• Cyclamen kin are dainty but hardy Oct 16, 2014 6:00 AM
    For the past few weeks, dainty pink or white butterflies have been hovering above the bare soil in some of my clay flowerpots. They’re not really butterflies, actually: They are cyclamen blossoms held aloft on thin flower stalks.

  • Planting perennials, mulching among things you can do this fall Oct 12, 2014 1:01 AM
    Shawna Coronado, author of the new “Illinois Getting Started Garden Guide,” of Warrenville, known for her garden blogs and speeches here and abroad, tells us what to do in the garden before the snow flies.

  • Concord: America’s foxy grape tastes good, too Oct 7, 2014 6:00 AM
    Go to your grocer’s shelf and take a deep whiff of the grapes there. Hardly a hint of aroma, unless the grapes happen to be Concord, a commercial variety that captures the essence of wild grapes. Concord is not the only grape variety that captures that unique aroma — known as “foxiness” — of wild grapes. But it is the most common one. With its tough skin that slips off to release a layer of sweetness, its jellied flesh and its foxy flavor, Concord is the archetypal American grape.

  • Dig up dahlias before the frost darkens them Oct 5, 2014 1:01 AM
    Q. How can I save my Dahlia tubers for planting next year?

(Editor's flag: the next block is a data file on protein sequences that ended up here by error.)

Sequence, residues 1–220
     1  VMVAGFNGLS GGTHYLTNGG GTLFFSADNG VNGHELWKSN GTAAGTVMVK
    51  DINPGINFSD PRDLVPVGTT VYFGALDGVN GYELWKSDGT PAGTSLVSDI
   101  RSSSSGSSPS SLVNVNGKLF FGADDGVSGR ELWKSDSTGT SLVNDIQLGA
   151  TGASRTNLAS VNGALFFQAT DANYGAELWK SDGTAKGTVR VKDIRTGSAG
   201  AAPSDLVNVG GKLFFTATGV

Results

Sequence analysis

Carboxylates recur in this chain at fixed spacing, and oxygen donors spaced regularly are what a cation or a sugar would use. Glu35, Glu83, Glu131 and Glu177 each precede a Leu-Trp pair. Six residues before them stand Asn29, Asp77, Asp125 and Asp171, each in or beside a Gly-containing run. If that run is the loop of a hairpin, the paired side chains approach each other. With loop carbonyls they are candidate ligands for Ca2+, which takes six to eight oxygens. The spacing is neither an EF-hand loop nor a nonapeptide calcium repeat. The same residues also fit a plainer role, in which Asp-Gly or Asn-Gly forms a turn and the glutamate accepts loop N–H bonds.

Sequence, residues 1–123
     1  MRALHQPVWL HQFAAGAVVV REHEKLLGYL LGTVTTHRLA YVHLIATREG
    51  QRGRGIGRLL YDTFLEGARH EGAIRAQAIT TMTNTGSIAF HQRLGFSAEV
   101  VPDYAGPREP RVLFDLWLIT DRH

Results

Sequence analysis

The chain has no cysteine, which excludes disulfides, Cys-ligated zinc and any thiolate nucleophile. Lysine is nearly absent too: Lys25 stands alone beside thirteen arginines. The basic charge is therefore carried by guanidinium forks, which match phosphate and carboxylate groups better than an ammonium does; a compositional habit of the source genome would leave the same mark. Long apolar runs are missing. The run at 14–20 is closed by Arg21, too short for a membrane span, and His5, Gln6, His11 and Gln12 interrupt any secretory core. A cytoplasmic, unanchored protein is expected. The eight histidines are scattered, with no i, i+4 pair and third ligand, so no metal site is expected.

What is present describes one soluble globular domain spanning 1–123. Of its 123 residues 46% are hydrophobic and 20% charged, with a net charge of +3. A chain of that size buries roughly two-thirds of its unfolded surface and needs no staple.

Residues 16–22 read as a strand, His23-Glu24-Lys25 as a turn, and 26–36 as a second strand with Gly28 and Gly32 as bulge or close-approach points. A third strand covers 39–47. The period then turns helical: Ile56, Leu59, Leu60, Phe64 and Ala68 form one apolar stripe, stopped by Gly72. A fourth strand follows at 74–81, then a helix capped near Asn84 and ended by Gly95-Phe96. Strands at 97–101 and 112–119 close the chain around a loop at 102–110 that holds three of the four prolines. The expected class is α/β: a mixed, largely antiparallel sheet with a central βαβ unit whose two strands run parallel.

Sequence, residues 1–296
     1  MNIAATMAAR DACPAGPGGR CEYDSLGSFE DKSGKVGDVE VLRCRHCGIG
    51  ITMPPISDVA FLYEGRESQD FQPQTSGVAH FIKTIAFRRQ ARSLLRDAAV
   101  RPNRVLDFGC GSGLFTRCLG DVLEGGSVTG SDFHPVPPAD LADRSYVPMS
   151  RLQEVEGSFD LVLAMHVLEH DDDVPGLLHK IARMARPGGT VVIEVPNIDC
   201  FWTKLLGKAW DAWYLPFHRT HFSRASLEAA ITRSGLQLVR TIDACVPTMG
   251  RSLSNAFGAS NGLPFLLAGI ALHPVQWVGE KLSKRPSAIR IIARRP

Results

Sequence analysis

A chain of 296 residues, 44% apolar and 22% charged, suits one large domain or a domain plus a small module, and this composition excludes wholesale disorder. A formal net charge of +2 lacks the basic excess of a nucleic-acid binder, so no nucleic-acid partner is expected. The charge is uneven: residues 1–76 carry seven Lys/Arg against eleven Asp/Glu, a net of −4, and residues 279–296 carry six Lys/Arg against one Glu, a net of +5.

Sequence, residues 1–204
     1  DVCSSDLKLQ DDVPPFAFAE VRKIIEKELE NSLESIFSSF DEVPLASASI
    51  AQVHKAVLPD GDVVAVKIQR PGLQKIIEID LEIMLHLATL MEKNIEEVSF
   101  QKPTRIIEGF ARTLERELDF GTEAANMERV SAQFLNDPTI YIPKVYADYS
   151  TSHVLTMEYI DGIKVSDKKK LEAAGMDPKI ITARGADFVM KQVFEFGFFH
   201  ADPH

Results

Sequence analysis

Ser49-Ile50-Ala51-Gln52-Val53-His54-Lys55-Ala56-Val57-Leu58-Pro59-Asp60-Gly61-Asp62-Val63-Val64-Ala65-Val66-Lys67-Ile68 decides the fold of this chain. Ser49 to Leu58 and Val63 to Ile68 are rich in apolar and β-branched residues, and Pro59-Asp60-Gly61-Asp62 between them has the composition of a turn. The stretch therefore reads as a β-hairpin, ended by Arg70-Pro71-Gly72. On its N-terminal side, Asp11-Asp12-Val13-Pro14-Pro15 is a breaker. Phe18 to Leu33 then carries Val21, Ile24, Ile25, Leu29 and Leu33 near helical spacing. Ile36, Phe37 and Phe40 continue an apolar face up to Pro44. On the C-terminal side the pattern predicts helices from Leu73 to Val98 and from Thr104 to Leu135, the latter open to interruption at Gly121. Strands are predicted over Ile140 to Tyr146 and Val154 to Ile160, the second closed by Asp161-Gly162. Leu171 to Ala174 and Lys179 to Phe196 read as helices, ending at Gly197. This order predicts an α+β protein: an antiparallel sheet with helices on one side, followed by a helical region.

• Decorating with pumpkins and gourds Oct 4, 2014 6:01 AM
    The first signs of autumn may be pansies and mums on garden center benches and football games on television, but I am unable to embrace the season until I can start decorating with pumpkins.

  • Bring tender plants indoors soon Oct 4, 2014 6:01 AM
    Nights are growing cold and it is time to prepare to bring tender plants such as tropical houseplants indoors. The average first frost at the Chicago Botanic Garden is Oct. 15, though it is typically later in Chicago.

  • What every suburbanite can do to save birds Sep 29, 2014 6:01 AM
    The biggest single threat to birds remains the loss of the environments they need to flourish and reproduce, but habitats can be restored by protecting public land and adopting policies that encourage private conservation and ecologically sensitive farming.

  • Overwintering favorite plants indoors Sep 28, 2014 6:01 AM
    The end of the summer doesn’t have to mean certain winter death to some of these flowering friends. We can bring tropical plants and tender perennials indoors and grow them as houseplants until they can return outside next spring.

  • Go wild: Plant species tulips for early color Sep 24, 2014 5:45 AM
    Maybe it’s time to rethink the way we landscape using tulips. Species tulips thrive in problem areas. You can plant and forget about them. Neglect them. Sear them under the sun. Simply scratch the small bulbs into some gravel or tuck them into rocky crevices and they’ll survive that austerity just as they have the harsh, hardscrabble mountain conditions of Afghanistan, Switzerland, Kazakhstan, Turkey or Mongolia.

  • Outdoor classroom brings new dimension to students in Inverness Sep 22, 2014 10:55 AM
    At Holy Family Catholic Academy in Inverness, recess has taken on a whole new meaning with the innovative Outdoor Classroom project, installed over the summer on the 20-acre campus of the church and school. “It’s fun,” says fourth-grader Bryson Turner of Lake Zurich. “We got to design our own garden and now we’re taking out weeds and moving mulch.”